These policies would begin to take us towards a welfare and employment system that promotes mental health and wellbeing, rather than one that undermines and damages it.
Professor Peter Kinderman, President, British Psychological Society (BPS)
Martin Pollecoff, Chair, UK Council for Psychotherapy (UKCP)
Dr Andrew Reeves, Chair, British Association for Counselling and Psychotherapy (BACP)
Helen Morgan, Chair, British Psychoanalytic Council (BPC)
Steve Flatt, Trustee, British Association of Behavioural and Cognitive Psychotherapies (BABCP)”
“Making work pay” for whom?
It’s a draconian, crude behaviourist and armchair technocratic government that would claim to “make work pay” by decreasing social security support for the poorest members of society, rather than raising wages to meet the rising costs of living. This approach was justified by claims that poor people became “dependent” on benefits because the welfare state provides “perverse incentives” for people seeking employment. However, there is no empirical evidence of these claims. Keith Joseph, a leading New Right advocate of the welfare dependency theories, set out to try and establish evidence dependency during the Thatcher era, and failed. Both Thatcher and Joseph wanted to extend Victorian bourgeois values of thrift, self-reliance and charity among all classes.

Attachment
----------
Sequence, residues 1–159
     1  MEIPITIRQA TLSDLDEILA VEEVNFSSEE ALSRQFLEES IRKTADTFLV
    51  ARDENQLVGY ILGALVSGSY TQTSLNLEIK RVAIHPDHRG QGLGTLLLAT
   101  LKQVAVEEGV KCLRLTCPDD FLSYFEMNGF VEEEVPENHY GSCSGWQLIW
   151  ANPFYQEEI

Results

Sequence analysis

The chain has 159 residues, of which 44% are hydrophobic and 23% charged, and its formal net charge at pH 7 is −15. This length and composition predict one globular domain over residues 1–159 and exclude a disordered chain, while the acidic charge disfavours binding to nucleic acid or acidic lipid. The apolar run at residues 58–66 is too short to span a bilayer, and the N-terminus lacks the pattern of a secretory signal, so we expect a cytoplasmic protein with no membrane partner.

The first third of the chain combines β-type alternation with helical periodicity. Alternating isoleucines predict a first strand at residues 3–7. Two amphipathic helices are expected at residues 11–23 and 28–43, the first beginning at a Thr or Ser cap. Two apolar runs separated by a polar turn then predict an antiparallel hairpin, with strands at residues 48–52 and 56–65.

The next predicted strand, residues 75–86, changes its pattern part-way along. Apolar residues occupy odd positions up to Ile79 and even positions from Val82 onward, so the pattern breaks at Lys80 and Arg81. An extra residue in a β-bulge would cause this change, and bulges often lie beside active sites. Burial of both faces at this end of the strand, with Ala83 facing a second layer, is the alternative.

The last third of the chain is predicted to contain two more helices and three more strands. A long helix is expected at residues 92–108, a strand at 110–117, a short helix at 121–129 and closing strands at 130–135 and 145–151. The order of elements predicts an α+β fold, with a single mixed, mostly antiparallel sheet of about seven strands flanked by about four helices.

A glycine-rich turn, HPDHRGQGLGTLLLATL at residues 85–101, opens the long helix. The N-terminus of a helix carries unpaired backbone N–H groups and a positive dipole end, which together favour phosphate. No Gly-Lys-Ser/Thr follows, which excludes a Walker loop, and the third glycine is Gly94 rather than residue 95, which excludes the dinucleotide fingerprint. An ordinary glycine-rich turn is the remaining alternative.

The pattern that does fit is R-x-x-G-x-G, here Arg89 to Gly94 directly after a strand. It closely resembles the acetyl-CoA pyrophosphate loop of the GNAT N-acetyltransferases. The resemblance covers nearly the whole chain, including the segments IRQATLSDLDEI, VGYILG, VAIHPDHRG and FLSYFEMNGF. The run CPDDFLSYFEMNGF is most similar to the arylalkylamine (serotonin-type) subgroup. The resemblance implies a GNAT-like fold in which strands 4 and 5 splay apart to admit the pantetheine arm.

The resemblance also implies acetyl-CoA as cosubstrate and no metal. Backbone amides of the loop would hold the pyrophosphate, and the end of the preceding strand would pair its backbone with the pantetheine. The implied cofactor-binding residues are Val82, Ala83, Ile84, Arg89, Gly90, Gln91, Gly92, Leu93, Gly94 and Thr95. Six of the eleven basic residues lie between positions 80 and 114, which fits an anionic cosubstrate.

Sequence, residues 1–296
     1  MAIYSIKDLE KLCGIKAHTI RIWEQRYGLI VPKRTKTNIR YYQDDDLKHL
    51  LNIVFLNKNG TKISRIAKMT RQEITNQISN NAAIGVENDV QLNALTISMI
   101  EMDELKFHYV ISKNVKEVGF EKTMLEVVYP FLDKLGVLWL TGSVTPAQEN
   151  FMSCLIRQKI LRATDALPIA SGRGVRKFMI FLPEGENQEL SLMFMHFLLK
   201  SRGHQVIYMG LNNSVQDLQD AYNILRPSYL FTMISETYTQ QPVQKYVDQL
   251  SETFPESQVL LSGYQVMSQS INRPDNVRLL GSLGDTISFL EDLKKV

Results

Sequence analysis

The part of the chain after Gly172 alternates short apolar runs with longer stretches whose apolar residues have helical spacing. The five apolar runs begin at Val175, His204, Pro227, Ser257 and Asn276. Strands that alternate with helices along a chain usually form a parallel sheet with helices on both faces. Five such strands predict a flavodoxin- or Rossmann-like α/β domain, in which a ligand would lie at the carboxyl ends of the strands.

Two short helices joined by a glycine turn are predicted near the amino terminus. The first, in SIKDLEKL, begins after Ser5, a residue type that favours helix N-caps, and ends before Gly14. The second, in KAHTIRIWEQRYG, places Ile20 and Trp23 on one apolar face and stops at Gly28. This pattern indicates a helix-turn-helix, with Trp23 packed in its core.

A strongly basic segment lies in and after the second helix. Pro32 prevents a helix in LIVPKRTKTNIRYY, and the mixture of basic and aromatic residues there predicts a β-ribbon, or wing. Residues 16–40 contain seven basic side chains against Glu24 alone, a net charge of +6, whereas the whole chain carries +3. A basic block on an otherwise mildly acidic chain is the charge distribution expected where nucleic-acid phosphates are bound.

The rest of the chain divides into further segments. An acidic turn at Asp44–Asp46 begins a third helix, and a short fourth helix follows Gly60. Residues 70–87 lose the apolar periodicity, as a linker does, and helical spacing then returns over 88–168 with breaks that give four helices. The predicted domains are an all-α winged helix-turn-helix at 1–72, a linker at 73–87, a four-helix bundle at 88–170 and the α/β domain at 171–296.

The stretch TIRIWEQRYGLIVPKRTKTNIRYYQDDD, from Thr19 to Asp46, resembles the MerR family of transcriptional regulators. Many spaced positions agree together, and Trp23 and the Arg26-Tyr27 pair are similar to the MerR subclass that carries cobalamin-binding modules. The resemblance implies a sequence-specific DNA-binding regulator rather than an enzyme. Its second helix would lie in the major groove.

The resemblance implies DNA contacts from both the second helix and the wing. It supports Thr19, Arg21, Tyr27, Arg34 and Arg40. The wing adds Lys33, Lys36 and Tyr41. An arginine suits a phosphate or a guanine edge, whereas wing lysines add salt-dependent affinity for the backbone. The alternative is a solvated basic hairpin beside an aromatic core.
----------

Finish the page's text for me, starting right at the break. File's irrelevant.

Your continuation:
Such an approach has benefitted no-one but wealthy employers motivated by a profit incentive, as people who are out of work or claiming disability related benefits have become increasingly desperate. These imposed conditions have created a reserve army of labour, which has subsequently served to devalue labour, and drive wages down. We now witness high levels of in-work poverty, too. The Victorian Poor Law principle of less eligibility had the same consequences, and also “made work pay.” It’s shameful that in 2017, the government still believe that it is somehow effective and appropriate to punish people into not being poor. Especially when the government’s own policies are constructing inequality and poverty.